Arterial dissection occurs when tears develop in the lining of an artery and allow blood to get between the layers of your artery walls. This can happen for no clear reason or it can happen because of an injury, such as whiplash.

Diagnosis

A stroke is a medical emergency and if you have one you need to call 999 immediately.

You may start off in accident and emergency or another assessment ward, but it is likely you will be quickly admitted to an acute (or hyper-acute) stroke unit. An acute stroke unit has a range of trained professionals who are experienced in stroke care.

The quicker your stroke is diagnosed and treated, the better your recovery will be.

A stroke is usually diagnosed using a brain scan: either a computed tomography (CT) scan or a magnetic resonance imaging (MRI) scan. The scan will show whether your stroke has been caused by a blockage or by something else.

Treatment

If your ischaemic stroke is caused by a blood clot, you may be treated with a clot-busting medicine, known as thrombolysis.

Thrombolysis can break down and disperse a clot that is preventing blood from reaching your brain. However, for it to have the best effectr, it needs to be given within four and a half hours of your stroke symptoms starting.

Most people who have an ischaemic stroke will be given anti-platelet medication, which helps to prevent your blood from clotting.

HAEMORRHAGIC - Bleeding caused by blood vessel rupture

Although they are not as common, this kind of stroke can be much more serious than ischaemic strokes, which are caused by a blockage.

Causes

A haemorrhagic stroke can happen when an artery inside your brain bursts causing bleeding within your brain. This known as an intracerebral haemorrhage .

It can also happen because of bleeding on the surface of your brain. Your brain sits inside a cushion of membranes that protect it from your skull.

Between the layers of membrane is a space, which is filled with fluid. If blood vessels near the surface of the brain burst, blood can leak into this space. This known as a subarchnoid haemorrhage.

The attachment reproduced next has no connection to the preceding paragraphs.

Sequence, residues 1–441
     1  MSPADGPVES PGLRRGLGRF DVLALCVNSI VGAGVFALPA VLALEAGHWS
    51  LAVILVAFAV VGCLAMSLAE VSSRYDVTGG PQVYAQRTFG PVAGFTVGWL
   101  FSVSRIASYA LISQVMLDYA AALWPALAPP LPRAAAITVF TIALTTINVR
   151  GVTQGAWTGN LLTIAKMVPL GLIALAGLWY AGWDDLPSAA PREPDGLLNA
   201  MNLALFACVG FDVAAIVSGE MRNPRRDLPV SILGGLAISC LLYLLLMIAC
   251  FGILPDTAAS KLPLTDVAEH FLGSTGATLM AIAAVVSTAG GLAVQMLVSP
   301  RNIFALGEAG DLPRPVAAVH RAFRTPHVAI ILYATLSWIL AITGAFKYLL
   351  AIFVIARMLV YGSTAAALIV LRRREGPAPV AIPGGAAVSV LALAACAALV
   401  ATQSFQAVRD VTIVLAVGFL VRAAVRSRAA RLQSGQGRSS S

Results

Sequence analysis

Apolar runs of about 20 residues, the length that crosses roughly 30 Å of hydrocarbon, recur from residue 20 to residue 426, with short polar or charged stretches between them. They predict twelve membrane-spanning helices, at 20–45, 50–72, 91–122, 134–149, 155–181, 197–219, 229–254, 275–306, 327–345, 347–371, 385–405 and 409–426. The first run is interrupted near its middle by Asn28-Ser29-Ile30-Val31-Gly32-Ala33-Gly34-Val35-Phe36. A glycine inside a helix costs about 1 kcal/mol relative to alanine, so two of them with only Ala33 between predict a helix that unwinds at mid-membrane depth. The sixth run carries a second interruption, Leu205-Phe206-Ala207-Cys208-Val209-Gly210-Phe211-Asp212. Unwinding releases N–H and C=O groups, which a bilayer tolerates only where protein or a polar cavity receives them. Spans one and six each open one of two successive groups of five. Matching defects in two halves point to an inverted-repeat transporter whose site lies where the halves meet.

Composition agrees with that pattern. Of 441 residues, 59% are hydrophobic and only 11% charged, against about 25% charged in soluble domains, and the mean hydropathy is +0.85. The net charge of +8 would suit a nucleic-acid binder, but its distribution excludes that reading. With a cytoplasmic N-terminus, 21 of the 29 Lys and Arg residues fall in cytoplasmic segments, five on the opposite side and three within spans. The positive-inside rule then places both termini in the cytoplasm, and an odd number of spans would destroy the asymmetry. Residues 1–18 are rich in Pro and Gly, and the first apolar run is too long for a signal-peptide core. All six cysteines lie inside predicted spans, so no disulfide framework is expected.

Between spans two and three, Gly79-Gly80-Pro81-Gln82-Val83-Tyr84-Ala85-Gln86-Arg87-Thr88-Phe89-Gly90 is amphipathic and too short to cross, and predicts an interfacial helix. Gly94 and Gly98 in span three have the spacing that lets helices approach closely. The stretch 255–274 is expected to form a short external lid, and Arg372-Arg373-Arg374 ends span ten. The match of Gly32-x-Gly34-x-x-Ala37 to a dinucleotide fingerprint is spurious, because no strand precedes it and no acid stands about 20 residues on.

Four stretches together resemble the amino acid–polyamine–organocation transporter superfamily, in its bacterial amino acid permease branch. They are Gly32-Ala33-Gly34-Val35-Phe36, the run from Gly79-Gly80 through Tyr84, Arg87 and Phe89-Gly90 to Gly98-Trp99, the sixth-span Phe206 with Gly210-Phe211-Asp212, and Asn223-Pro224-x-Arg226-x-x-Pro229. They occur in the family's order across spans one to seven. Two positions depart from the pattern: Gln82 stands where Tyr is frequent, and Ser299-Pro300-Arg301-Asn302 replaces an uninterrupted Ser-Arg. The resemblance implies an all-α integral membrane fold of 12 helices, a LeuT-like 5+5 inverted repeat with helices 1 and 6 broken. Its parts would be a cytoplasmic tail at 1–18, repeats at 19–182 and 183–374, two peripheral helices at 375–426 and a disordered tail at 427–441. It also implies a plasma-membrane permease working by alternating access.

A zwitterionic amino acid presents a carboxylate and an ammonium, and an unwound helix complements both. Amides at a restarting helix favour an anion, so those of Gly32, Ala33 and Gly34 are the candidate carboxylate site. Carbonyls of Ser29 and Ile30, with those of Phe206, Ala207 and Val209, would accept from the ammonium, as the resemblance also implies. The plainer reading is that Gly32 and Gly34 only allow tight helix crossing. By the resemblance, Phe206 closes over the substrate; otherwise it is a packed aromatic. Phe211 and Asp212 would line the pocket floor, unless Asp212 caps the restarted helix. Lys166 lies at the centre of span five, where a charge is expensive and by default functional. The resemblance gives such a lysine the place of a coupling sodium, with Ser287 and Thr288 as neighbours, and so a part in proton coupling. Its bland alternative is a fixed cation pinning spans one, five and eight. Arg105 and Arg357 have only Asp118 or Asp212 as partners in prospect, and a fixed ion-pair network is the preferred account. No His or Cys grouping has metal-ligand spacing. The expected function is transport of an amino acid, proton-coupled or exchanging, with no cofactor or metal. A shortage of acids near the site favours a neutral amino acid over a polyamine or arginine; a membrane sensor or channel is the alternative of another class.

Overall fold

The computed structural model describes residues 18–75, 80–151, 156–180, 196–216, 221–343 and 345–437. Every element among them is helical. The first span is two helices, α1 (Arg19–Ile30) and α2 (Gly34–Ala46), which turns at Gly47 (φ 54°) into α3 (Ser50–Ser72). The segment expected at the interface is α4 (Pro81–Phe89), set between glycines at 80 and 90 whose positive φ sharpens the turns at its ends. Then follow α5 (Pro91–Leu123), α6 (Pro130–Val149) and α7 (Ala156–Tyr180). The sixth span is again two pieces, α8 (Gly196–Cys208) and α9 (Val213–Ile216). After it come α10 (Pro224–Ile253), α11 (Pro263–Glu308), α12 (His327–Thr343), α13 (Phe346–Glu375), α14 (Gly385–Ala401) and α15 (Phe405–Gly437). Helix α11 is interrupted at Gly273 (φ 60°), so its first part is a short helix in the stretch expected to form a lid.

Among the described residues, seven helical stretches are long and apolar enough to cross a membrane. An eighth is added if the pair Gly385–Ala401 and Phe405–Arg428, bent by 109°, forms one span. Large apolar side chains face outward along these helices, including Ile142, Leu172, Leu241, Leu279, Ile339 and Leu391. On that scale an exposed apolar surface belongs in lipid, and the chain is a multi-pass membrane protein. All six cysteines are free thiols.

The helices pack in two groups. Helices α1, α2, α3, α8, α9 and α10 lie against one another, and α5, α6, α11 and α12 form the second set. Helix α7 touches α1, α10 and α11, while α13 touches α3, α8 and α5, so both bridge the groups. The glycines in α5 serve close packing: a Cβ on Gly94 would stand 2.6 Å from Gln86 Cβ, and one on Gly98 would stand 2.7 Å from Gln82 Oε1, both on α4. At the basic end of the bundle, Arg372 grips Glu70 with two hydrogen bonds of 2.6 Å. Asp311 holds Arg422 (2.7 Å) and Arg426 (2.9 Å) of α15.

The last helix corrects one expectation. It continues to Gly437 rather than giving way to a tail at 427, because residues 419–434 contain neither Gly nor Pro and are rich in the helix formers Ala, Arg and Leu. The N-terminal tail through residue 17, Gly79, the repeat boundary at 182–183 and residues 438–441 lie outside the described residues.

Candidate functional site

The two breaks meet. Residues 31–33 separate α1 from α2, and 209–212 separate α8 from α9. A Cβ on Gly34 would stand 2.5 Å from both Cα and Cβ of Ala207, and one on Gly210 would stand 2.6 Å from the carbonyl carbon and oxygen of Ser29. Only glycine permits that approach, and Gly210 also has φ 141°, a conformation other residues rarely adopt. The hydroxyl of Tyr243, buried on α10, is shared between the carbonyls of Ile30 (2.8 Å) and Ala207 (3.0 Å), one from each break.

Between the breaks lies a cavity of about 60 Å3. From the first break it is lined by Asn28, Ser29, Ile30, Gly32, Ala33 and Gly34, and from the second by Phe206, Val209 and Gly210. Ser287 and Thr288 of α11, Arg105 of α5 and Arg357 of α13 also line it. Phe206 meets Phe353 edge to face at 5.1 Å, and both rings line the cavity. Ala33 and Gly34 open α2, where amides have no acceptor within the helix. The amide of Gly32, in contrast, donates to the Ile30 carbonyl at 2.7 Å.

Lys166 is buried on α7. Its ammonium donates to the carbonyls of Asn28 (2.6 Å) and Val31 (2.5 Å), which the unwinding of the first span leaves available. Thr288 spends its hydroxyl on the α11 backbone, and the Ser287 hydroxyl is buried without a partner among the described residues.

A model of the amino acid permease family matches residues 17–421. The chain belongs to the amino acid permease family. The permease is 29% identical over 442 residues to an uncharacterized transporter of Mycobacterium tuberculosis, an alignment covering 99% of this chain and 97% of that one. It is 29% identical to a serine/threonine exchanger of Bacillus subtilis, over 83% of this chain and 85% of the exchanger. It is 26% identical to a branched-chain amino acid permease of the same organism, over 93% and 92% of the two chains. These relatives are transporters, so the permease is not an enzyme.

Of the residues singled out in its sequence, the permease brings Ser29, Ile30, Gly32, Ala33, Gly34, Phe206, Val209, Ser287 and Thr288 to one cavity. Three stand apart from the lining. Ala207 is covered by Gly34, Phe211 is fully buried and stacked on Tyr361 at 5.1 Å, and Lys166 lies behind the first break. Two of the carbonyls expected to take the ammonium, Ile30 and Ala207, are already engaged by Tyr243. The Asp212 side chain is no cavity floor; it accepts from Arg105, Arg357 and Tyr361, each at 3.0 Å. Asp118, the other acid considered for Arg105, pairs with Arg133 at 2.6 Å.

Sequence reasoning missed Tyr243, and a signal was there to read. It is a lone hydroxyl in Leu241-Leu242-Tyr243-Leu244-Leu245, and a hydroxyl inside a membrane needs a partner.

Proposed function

High blood pressure is the main cause of all strokes. High blood pressure weakens the arteries and makes them more likely to tear.

Anticoagulant medication helps to prevent your blood from clotting. If you have an irregular heartbeat (known as atrial fibrillation) it’s likely that you will be given this type of medication to help reduce your risk of stroke. However, if it is not carefully monitored it can sometimes cause bleeding.

Drugs such as cocaine, can irritate blood vessel walls making them weaker and more likely to rupture.

Diagnosis

A stroke is a medical emergency and if you have one you need to call 999 immediately.

The quicker your stroke is diagnosed and treated, the better your recovery will be.

Doctors will usually diagnose your stroke using a brain scan: either a computed tomography (CT) scan or a magnetic resonance imaging (MRI) scan. The scan will show whether your stroke has been caused by bleeding or by something else.

If you have a subarchnoid haemorrhage then your doctors may carry out a lumbar puncture as well as a brain scan. To do this they remove a small amount of the fluid that sits around your brain and spinal cord, to see if any blood has leaked into it.

Treatment

If you have a haemorrhagic stroke you may need surgery to stop the bleeding, remove blood or relieve any pressure that has built up around your brain.

This is usually done with an operation called a craniotomy. This is when a surgeon cuts away a small piece of your skull so that he or she can get to your brain and the cause of the bleeding.

If your stroke was caused by a burst aneurysm, an operation may be needed to seal it and stop it bleeding again.

You may be given medication to lower your blood pressure or if your bleed was caused by anticoagulant medication, you will usually be given another drug to reverse the effects as soon as possible.

Symptoms of Stroke

FAST test

  • FACIAL WEAKNESS
    Can the person smile? Has their face fallen on one side?
  • ARM WEAKNESS
    Can the person raise both arms and keep them there?
  • SPEECH PROBLEMS
    Can the person speak clearly and understand what you say? Is their speech slurred?
  • TIME
    Is time to call 999 to seek immediate medical attention

Other symptoms of stroke

  • sudden weakness or numbness on one side of the body
  • difficulty finding word
  • sudden blurred vision or loss of sight
  • sudden confusion, dizziness or unsteadiness
  • a sudden, severe headache

Don't ignore a TIA

  • A transient ischeamic attack or TIA is similar to a stroke but the symptoms are temporary – usually lasting from a few minutes up to 24 hours. A TIA is serious and should not be ignored.
  • If you experience any of the symptoms desrcibed above, even for a short amount of time, you must call 999.

What Can I Do To Reduce My Risk?

Most strokes can be prevented. Although you cannot change some of the things that increase your risk of stroke, like your age, there are others that you can change.

Checking

Have regular check-ups

Lifestyle

Make some changes to your lifestyle

NO Smoking

Important factor to save your life

No Alcohol

Alcohol increases your risk of stroke

Weight

Stay a healthy weight

Exercise

Do more exercise